If Kassam rockets had been falling in the streets of Tel Aviv, its residents would have taken a keen interest in the recent elections. They would have wanted to know how the current government's policies led to this situation and what the different candidates were saying about how to deal with it. They would have been angry, scared and concerned.

But Kassams a few miles south, on Ashkelon, S'derot and even on the kibbutzim nearby, did not interest most Tel Avivians - or, apparently, Israelis in general - at all. Thirty-eight percent of Israelis didn't see this or any other issue as even worth going to the polls over.

And among those who did vote, 53 out of 120 Knesset seats went to parties - Kadima, Labor and Meretz - that promised more withdrawal and appeasement. Only 32 went to parties - a rump Likud, Yisrael Beiteinu and National Union-National Religious Party - that took security more seriously. Eighteen went to parties - Shas and United Torah Judaism - that, while right-leaning in a sociological sense, had a record of being mainly concerned with sectoral issues. The rest of the Jewish vote - seven seats - went to the ostensibly neutral Pensioners Party.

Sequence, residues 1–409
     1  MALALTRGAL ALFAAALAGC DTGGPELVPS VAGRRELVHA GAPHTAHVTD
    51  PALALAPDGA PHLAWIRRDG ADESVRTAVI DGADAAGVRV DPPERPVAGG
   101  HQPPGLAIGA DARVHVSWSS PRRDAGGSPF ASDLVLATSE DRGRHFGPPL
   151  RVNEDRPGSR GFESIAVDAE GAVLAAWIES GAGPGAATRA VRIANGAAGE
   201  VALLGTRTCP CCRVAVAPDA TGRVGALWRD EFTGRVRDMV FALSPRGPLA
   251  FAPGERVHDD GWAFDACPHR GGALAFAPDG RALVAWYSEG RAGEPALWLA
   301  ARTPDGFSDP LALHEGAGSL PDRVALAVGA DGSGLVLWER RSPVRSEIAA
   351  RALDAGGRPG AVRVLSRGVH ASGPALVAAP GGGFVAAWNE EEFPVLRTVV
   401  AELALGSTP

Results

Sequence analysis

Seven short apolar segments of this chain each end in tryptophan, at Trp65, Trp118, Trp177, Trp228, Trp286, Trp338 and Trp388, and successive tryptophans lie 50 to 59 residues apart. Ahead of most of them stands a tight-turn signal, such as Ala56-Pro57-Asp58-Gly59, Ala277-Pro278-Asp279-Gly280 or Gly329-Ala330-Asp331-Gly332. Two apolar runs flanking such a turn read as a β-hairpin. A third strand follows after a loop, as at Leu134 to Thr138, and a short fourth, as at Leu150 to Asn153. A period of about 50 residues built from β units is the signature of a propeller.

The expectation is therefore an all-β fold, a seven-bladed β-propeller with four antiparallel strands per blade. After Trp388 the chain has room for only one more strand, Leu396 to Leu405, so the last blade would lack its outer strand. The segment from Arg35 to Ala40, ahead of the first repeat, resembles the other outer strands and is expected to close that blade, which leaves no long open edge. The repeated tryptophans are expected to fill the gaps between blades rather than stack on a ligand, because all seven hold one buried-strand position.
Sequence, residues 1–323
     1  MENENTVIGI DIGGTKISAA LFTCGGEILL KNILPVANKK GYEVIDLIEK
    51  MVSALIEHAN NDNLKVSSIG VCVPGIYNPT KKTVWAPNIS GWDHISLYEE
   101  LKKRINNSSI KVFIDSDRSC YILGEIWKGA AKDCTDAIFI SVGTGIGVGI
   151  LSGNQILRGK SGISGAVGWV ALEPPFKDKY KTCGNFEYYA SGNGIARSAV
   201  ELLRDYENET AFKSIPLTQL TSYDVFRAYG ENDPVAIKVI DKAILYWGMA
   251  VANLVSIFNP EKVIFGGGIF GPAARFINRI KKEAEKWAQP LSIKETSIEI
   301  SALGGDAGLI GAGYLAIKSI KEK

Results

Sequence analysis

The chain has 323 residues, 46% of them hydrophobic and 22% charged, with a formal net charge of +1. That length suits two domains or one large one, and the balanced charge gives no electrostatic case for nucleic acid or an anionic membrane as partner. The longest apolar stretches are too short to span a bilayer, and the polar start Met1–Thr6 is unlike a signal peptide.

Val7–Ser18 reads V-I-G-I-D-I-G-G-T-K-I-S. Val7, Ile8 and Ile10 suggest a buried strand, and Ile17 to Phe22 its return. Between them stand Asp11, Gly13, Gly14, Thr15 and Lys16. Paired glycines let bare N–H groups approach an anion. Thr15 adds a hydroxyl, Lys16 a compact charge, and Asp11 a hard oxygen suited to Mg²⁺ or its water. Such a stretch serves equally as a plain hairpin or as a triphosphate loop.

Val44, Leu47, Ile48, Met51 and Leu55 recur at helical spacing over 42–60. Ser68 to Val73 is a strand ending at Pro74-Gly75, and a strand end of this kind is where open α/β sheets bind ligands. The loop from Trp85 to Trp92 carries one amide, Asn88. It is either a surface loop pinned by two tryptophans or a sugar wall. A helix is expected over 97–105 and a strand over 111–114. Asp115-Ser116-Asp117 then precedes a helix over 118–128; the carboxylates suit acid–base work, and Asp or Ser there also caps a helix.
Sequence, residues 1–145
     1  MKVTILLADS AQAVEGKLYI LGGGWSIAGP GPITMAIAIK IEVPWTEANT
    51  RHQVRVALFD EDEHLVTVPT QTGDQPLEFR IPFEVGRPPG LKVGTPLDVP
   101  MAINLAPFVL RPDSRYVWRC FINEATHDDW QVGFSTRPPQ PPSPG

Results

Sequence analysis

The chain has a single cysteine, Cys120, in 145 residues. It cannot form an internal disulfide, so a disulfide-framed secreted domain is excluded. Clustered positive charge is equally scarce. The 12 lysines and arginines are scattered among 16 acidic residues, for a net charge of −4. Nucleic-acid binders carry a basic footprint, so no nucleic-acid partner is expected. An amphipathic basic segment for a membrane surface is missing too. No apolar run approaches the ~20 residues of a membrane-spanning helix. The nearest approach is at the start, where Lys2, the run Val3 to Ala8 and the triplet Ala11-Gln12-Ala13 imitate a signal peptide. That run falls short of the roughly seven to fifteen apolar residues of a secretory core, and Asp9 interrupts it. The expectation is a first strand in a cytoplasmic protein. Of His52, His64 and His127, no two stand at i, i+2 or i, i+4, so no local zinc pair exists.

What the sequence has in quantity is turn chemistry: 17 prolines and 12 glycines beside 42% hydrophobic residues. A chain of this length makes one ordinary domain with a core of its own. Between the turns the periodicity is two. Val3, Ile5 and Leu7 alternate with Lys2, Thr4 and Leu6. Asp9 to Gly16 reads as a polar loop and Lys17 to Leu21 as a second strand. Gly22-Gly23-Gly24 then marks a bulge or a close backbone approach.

In other words, out of a Knesset of 120, for which only 62 percent of the public voted, only slightly over one-fourth of the seats went to parties that were capable of talking intelligently about security and reacting to real events in the security sphere. For the rest, the post-Disengagement rain of Kassams either was no concern at all or did not discredit the idea of further unilateral withdrawals from even more strategically vital territory.

Nor was there any indication that the Iranian threat played any part in most Israelis' voting calculations. Again, between Ehud Olmert, Amir Peretz and Benjamin Netanyahu, almost two-fifths of Israelis thought it made no difference who would deal with the threat. The first two candidates had no experience or credentials whatsoever in the security sphere. Peretz has a history as a radical dove and Olmert, in his now-famous "We are tired of fighting" speech in June 2005, had expressed something other than seriousness about security issues.

Netanyahu, in contrast, had published books on terrorism and security and had lectured on the subject to think tanks and to the US Congress. Moreover, in his three years as prime minister, whatever his other achievements and failures, he had reduced terror attacks drastically - from two hundred Israelis killed during four years of Yitzchak Rabin and Shimon Peres to fifty killed during three years of Netanyahu - with the totals then rising drastically again under Ehud Barak and even more under Ariel Sharon. Yet, even among the Israelis who did vote, the totals for Olmert's, Peretz's and Netanyahu's parties were 29, 19 and 12, respectively. The former two were preferred 4-1 over Netanyahu to deal with Iran, Hizbullah, Hamas, Al-Qaeda, et al.